The Financial Services Commission (FSC) held a meeting with commercial banks in Seoul on April 13 and adopted new corporate restructuring guidelines, which are characterized by corporate restructuring being led by the private sector instead of public.
According to the guidelines, commercial banks are allowed to take the lead in pursuing the restructuring of companies that have their money. This is to make up for the weak points of the current credit risk assessment conducted by the banks, including the difficulty of reaching a rational and objective evaluation and much time required for the selection of restructuring targets. In this context, the banks are planned to change the ways their credit risk assessment committees work within the first half of this year and then improve their credit risk assessment models in the latter half.
At the same time, systems are to be prepared so that companies can change hands with ease during the course of restructuring based on fair and transparent corporate bond price calculation. These systems include a platform on which creditor banks reveal the current statuses of companies undergoing restructuring and buyers can choose based on the data. The establishment of this platform, which is scheduled to be completed within the first half of this year, is to be led by state-run financial institutions such as the Korea Development Bank (KDB) and the Industrial Bank of Korea (IBK) before it is spread to the private sector in stages. To this end, the financial authorities raise a corporate restructuring fund of eight trillion won for five years to come. 50% of the fund is to be raised by state-run banks and the rest by commercial banks so that companies can be better restored after restructuring.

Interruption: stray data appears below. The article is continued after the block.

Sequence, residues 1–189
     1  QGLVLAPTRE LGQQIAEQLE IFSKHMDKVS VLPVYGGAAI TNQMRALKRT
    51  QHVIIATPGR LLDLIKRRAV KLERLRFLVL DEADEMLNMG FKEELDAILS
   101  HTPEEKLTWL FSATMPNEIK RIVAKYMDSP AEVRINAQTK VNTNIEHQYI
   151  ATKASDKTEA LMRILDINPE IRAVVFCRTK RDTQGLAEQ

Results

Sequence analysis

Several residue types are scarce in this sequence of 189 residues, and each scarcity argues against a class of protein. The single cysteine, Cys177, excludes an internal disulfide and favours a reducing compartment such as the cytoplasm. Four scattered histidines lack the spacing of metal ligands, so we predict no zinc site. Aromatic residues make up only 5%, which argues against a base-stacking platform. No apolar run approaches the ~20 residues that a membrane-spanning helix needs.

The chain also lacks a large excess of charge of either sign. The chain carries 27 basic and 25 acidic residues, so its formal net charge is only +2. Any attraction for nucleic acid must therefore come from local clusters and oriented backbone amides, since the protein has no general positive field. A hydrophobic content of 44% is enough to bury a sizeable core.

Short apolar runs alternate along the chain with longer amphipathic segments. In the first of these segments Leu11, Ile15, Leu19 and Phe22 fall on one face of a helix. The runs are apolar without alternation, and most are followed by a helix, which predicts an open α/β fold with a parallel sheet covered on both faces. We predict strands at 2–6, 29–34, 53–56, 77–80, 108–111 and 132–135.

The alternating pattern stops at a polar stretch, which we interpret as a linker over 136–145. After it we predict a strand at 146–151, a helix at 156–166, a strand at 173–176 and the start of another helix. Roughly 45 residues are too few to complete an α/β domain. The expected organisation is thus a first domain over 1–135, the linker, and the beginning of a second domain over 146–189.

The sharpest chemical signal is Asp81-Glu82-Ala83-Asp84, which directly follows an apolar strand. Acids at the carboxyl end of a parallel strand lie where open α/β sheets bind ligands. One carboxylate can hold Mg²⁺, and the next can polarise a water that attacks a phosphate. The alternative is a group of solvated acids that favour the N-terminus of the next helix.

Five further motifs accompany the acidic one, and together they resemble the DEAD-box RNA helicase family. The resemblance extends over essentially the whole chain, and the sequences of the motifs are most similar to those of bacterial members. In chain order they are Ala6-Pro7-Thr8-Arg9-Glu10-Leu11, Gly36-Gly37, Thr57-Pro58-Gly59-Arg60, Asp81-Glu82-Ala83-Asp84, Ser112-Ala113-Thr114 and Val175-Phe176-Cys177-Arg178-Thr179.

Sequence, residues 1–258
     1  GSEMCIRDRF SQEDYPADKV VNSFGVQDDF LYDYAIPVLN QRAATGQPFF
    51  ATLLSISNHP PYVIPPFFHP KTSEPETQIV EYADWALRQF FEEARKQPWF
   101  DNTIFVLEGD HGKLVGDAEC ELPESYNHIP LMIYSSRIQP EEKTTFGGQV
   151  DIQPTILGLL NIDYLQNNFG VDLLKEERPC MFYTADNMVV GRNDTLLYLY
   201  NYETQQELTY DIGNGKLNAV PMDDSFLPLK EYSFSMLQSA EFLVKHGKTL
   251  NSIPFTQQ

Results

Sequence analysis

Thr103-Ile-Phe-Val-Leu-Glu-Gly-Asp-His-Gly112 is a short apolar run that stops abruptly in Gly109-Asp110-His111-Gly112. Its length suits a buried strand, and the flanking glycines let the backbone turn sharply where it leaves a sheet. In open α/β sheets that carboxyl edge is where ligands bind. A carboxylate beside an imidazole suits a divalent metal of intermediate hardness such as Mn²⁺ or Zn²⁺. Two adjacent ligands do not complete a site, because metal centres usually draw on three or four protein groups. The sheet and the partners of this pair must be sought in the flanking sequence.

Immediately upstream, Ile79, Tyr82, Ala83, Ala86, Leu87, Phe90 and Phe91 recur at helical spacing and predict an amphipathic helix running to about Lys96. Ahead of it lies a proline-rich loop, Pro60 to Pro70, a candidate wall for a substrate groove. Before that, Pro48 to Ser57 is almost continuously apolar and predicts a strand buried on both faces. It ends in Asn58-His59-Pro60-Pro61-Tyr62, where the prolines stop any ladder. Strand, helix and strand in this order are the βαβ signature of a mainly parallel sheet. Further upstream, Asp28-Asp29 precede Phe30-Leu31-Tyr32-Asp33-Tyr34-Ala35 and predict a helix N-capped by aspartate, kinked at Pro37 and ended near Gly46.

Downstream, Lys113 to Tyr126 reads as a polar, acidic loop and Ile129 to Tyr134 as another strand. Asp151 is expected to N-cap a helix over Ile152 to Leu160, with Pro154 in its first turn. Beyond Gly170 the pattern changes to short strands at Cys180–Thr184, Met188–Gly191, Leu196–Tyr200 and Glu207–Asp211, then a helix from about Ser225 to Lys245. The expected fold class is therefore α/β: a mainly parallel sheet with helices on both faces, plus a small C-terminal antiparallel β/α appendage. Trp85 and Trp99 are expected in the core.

“The new guidelines are to diversify the ways of corporate restructuring by means of pre-packaged plans, capital market-based restructuring and so on in step with the ongoing changes in financial market conditions,” the FSC chairman Yim Jong-yong explained.